Silverthorne offers 2 acres to dispose of beetle-kill trees
summit daily news
Summit County, CO Colorado
SILVERTHORNE ” Concern about this summer’s expected removal of between two and three thousand pine beetle-infested trees from within town limits has prompted the Silverthorne Town Council to create a disposal site at the Town’s Cottonwood Park.
Specific hours of operation and fees for the temporary facility to be located just south of the water treatment plant are still being worked out, but tentative plans include allowing disposal of slash and chips from local properties on a fee-per-load basis during the tree removal season ” roughly May 15 through Aug. 1.
Several homeowners had approached the Town with requests for some type of tree disposal assistance.
Last fall, the Town tagged nearly 2,000 trees on private property for removal, and as many as 1,000 additional trees in the untagged Three Peaks neighborhood may also have to come down. As the beetle epidemic continues to grow, available tree removal contractors are in greater demand, causing increased scheduling problems when the individual contractors have to transport all tree components to the county landfill. A central disposal site within Town limits would greatly facilitate the process, the homeowners claimed.
After lengthy discussion at its April 22 work session, the Town Council agreed.
“I think this is worth quite a bit of time,” Councilmember Bruce Butler said. “It’s a major crisis.”
The new facility will allow contractors and property owners to dump wood chips and slash less than 4 inches in diameter at the site, after showing proof of an address within town limits and paying in advance at Town Hall. At some point during the summer, the Town will rent a grinder to process the slash. As in past years, all the chips will be hauled to the Climax Mine to be used for revegetation ” at no cost to the town.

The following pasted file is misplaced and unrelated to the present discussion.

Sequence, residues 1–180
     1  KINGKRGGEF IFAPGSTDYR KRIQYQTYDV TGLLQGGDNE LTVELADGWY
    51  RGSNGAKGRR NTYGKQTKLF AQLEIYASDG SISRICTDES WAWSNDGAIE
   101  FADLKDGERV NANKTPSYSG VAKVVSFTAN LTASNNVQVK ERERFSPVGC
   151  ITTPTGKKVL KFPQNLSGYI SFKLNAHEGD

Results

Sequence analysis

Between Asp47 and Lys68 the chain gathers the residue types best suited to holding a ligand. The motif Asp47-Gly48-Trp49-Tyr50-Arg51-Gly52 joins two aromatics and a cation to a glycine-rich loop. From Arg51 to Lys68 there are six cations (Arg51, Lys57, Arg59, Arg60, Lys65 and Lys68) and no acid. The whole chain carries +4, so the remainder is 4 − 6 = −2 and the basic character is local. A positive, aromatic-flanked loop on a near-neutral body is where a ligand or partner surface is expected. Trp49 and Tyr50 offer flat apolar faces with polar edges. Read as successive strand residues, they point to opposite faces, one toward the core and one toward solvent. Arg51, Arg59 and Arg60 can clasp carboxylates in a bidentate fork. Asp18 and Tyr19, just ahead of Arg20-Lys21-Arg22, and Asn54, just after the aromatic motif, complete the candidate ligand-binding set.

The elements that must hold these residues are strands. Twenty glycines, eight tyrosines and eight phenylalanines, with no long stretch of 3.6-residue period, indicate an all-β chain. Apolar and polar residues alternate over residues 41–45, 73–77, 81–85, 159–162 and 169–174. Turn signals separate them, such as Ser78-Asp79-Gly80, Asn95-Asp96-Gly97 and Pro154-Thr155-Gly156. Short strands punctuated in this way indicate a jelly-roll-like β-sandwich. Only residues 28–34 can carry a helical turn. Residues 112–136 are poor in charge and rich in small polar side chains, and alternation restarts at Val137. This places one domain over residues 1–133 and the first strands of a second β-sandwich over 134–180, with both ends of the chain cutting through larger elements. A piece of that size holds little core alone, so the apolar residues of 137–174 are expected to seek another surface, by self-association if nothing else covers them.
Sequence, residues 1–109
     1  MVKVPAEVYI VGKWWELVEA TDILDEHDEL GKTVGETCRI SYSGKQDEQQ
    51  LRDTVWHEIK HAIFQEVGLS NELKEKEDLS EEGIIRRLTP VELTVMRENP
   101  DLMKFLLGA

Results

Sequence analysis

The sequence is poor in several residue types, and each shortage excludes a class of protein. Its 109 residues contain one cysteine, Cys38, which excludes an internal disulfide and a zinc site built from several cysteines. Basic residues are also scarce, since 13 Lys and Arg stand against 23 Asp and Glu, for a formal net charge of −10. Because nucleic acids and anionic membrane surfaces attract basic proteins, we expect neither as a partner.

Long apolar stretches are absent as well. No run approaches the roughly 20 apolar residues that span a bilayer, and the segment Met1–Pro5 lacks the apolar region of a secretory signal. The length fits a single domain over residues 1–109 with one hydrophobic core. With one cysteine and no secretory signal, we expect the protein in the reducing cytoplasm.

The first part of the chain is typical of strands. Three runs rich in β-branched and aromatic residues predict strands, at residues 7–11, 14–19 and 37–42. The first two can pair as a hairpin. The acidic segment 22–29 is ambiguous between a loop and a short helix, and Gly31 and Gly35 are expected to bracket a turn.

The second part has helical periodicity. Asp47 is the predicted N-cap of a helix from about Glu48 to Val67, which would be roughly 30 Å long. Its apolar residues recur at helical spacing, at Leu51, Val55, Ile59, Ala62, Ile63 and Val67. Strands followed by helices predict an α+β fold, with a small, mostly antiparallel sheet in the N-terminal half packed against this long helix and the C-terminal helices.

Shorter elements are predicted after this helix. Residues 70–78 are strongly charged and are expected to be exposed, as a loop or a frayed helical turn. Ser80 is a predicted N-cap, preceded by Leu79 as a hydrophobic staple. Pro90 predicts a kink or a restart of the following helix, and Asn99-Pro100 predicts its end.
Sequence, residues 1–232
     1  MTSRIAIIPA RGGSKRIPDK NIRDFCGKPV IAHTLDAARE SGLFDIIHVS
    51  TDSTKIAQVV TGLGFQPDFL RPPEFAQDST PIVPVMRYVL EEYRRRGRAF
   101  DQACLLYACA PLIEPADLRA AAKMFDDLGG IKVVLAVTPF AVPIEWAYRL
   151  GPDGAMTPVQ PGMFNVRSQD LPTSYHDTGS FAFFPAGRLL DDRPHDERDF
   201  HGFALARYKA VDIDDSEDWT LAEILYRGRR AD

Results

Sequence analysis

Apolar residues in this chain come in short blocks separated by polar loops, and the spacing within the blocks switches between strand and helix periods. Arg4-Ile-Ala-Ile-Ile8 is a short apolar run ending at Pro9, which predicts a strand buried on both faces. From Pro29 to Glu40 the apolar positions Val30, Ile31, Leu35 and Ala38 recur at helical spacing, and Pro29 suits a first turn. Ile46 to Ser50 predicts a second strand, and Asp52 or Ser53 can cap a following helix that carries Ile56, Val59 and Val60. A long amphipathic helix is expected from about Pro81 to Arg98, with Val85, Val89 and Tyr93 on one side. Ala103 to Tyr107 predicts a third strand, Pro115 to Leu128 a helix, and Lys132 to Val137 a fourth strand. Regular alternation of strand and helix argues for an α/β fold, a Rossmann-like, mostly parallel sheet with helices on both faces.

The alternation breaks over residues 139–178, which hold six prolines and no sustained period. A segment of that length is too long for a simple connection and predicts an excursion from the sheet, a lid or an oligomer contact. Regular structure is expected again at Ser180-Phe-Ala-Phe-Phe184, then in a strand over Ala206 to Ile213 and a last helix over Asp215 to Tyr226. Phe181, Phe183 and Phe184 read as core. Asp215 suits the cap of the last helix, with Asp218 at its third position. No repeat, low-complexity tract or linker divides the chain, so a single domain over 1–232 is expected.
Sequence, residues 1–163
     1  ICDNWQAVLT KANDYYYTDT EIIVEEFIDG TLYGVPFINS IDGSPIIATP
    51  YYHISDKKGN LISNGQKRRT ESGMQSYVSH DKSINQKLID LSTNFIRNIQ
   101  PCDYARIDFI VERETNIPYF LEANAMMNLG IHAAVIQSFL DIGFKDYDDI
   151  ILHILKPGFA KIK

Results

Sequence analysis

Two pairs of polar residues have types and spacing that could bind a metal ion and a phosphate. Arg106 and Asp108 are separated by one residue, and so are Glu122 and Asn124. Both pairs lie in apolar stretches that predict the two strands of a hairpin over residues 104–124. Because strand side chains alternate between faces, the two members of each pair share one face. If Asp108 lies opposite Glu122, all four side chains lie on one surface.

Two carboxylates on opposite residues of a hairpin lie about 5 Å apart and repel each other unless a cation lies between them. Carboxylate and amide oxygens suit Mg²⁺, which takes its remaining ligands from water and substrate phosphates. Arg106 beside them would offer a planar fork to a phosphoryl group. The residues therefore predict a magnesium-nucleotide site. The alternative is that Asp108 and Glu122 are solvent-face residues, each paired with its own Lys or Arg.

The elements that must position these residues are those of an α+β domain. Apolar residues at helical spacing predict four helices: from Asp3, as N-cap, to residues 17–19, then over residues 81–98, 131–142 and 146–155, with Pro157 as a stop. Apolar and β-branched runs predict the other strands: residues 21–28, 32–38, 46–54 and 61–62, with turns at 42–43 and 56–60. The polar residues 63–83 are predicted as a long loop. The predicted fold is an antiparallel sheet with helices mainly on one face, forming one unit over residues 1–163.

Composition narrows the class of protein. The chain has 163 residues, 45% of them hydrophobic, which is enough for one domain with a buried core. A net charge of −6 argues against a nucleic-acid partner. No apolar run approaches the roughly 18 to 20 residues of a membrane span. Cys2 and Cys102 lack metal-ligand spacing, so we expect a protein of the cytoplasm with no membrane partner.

Because of the site’s space limitations, homeowners will need to take removed logs elsewhere.
“The reason we’re not accepting logs is it’s just too much,” Silverthorne public works director Bill Linfield said.
Linfield anticipates slash and chips alone will fill up the two acres the Town plans to fence in.
Several council members expressed concern about contractors and homeowners from outside Silverthorne trying to use the facility.
“I don’t mind funding the program,” Mayor Dave Koop said. “But my concern is I don’t want it turning into a county dumping area.”
Linfield assured the council a public works employee would be on site during its hours of operation to prevent abuse of the town-subsidized facility by non-residents.
The existing Town budget allocates $50,000 for pine beetle control, and Linfield estimated the temporary service will cost the Town an additional $20,000.
Construction of a new joint Lake Dillon Fire-Rescue/Silverthorne Public Works on the Cottonwood site starting in 2009 will prevent future use of the area for tree disposal, but the Town has already started to look for alternative sites, Linfield said.
Three Peaks neighborhood association representative George Fugere thanked the council for its willingness to help homeowners manage the beetle epidemic.
“I think you’re on the right track,” he said. “And we’ll do anything we can to assist you.
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